AGR dues: Telcos may need to shell out service tax/GST as well

Satya Sontanam BL Research Bureau | Updated on February 20, 2020

However, there is no clarity on their eligibility for input tax credit on pre-GST dues

Telecom companies, which are already sailing in troubled waters, may face another jolt in the form of tax obligation on adjusted gross revenue (AGR) dues. Reports suggest that the telecom companies have received notices from the tax department for the payment of service tax and GST on their AGR dues.

Both the GST and the prior law appear to be clear about the fact that companies are liable to pay taxes on spectrum/licence fees payable by them.

However, it is not clear whether these companies will be eligible to take input tax credit (ITC) under the GST regime, of the service tax liability on AGR dues under the previous regime.

Tax obligation

Both the GST now, and the earlier tax regime (April 1, 2016 to July 1, 2017), state that companies receiving services from the government are liable to pay taxes under the reverse charge mechanism. Under this, the service receiver is liable to pay taxes; generally, indirect taxes shall be paid by the service provider to the government.

Thus, in this case, telecom companies would be liable to pay taxes on services (spectrum and licence services) receivable by them from the government (here, the Department of Telecommunications) both during the pre-GST period (April 1, 2016 to June 30, 2017) and from July 1, 2017, when the GST came into force.

“There doesn’t seem to be any doubt on the tax liability of the telcom companies with respect to recent AGR dues,” says Parag Mehta, Partner, NA Shah Associates. The companies may not only have to cough up the tax dues, but also pay interest on it, which could range from 15 to 18 per cent of the outstanding tax amount.

However, when taxes are paid on services received as inputs, companies can usually claim ITC, offsetting their future tax liability on services provided by them. But, in this case, this relief seems unlikely, at least to the extent of service tax payable prior to the introduction of GST.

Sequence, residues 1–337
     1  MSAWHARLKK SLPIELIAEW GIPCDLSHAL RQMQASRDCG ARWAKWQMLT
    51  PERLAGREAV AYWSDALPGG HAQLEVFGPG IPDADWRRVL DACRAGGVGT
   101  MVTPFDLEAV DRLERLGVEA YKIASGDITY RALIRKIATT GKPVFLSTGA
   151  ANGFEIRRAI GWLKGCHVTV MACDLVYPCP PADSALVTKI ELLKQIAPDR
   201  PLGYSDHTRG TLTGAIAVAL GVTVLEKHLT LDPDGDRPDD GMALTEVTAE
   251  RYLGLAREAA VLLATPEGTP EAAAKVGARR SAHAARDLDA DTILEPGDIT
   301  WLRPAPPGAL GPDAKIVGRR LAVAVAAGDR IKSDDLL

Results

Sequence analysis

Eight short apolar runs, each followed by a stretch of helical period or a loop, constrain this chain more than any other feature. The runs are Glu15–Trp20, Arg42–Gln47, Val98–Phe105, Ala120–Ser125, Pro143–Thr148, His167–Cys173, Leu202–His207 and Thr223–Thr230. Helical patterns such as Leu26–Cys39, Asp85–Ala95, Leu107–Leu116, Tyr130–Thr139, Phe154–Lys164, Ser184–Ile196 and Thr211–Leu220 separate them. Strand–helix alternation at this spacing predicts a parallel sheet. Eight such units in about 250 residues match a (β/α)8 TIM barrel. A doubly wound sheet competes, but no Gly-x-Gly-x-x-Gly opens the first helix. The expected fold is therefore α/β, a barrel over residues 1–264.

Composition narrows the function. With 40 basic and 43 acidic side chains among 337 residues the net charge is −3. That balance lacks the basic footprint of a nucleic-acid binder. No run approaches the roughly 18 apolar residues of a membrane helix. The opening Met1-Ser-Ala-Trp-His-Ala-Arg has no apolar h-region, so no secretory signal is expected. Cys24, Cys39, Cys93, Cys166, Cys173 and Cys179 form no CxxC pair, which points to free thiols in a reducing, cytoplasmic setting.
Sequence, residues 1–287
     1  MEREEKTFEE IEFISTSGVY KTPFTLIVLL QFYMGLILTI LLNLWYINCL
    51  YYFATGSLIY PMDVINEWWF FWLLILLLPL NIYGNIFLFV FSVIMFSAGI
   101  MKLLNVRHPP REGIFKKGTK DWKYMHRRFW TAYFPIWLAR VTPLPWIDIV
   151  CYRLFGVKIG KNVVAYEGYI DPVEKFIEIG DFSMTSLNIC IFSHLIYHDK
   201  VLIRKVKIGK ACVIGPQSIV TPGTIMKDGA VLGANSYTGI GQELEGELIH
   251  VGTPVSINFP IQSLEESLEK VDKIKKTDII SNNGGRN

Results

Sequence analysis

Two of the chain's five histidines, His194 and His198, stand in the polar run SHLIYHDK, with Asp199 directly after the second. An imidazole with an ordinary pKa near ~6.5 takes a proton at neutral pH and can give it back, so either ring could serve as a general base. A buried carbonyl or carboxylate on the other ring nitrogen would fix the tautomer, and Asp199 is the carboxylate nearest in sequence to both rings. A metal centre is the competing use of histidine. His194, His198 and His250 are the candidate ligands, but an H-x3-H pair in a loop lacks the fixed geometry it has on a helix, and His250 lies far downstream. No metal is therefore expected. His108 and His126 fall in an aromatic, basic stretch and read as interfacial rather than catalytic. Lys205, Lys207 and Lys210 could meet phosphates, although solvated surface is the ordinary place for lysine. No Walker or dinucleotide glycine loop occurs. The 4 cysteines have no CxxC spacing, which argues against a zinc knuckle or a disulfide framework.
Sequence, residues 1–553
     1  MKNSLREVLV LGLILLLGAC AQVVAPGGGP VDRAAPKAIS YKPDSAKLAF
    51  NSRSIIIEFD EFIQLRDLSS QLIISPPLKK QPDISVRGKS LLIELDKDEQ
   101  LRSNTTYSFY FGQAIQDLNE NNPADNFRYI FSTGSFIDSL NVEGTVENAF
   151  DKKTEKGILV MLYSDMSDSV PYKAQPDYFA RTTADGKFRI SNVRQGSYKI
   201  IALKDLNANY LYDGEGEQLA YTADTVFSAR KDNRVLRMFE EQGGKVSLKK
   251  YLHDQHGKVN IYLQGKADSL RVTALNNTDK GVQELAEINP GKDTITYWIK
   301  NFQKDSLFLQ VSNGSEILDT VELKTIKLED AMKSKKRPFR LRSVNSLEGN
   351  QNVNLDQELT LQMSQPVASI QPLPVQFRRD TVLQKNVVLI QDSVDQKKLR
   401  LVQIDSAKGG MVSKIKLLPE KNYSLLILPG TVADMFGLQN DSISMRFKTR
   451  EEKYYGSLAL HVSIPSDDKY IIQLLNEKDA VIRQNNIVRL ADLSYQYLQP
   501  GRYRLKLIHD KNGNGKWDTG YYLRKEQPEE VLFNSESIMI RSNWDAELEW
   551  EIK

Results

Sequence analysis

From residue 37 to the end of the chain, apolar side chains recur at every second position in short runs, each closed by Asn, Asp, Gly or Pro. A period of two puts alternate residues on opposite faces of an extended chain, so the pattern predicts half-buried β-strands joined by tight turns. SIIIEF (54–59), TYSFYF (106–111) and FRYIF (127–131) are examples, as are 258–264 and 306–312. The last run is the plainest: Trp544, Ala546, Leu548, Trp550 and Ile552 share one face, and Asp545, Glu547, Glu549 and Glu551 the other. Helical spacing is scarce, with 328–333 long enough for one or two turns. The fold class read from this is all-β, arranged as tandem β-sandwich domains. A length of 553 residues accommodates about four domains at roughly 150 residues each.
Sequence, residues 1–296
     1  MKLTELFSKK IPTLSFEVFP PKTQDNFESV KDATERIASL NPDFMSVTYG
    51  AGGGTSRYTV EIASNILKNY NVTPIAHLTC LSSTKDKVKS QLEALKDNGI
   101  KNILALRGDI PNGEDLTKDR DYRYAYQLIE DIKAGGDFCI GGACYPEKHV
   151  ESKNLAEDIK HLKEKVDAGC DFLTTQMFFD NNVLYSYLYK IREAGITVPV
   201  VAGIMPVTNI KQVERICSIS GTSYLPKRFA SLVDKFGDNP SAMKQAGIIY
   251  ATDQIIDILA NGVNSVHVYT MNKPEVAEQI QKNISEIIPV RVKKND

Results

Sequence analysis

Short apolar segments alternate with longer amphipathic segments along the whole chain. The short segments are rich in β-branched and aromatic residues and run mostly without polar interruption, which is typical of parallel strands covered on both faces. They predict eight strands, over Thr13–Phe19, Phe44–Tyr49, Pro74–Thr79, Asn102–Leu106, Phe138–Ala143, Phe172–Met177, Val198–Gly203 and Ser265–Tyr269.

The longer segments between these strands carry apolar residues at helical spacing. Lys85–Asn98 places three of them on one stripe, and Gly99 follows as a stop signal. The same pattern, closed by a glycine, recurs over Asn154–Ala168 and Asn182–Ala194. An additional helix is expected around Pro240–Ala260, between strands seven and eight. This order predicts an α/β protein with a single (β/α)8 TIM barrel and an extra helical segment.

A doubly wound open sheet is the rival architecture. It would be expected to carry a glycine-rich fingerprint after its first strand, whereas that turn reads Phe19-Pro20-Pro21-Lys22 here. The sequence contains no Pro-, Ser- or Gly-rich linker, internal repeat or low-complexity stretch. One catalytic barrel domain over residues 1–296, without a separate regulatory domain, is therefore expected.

No provision for ITC

The current GST law does not seem to have any provision that allows companies to claim ITC for the taxes liable under the earlier regime (excise/service tax).

Thus, while there is no doubt about the eligibility of telecom companies to claim ITC on GST payable, it is not very clear if they can make a similar claim on the service tax payable by them now. Also, the current case is not covered under any of the situations for which refund-of-tax option is available. Refund for taxes paid, under the pre-GST/GST regime, is allowed only in a few instances, including exports or inverted duty structure.

Mehta opines that it is unlikely that the government will provide any relief from tax liability to the telecom operators, as it might provoke demands from other industries as well.

Niraj Bagri, Partner, Dhruva Advisors, says companies may need to approach higher courts to obtain relief.

Little relief

However, getting the benefit of ITC for service tax payable will not make life any easier now for telcos. They already have a high unutilised balance of ITC as a result of paying input taxes on their capital investments, spectrum and licence fee earlier — they haven’t been able to set these off against tax liability on the services provided to customers.

Published on February 20, 2020

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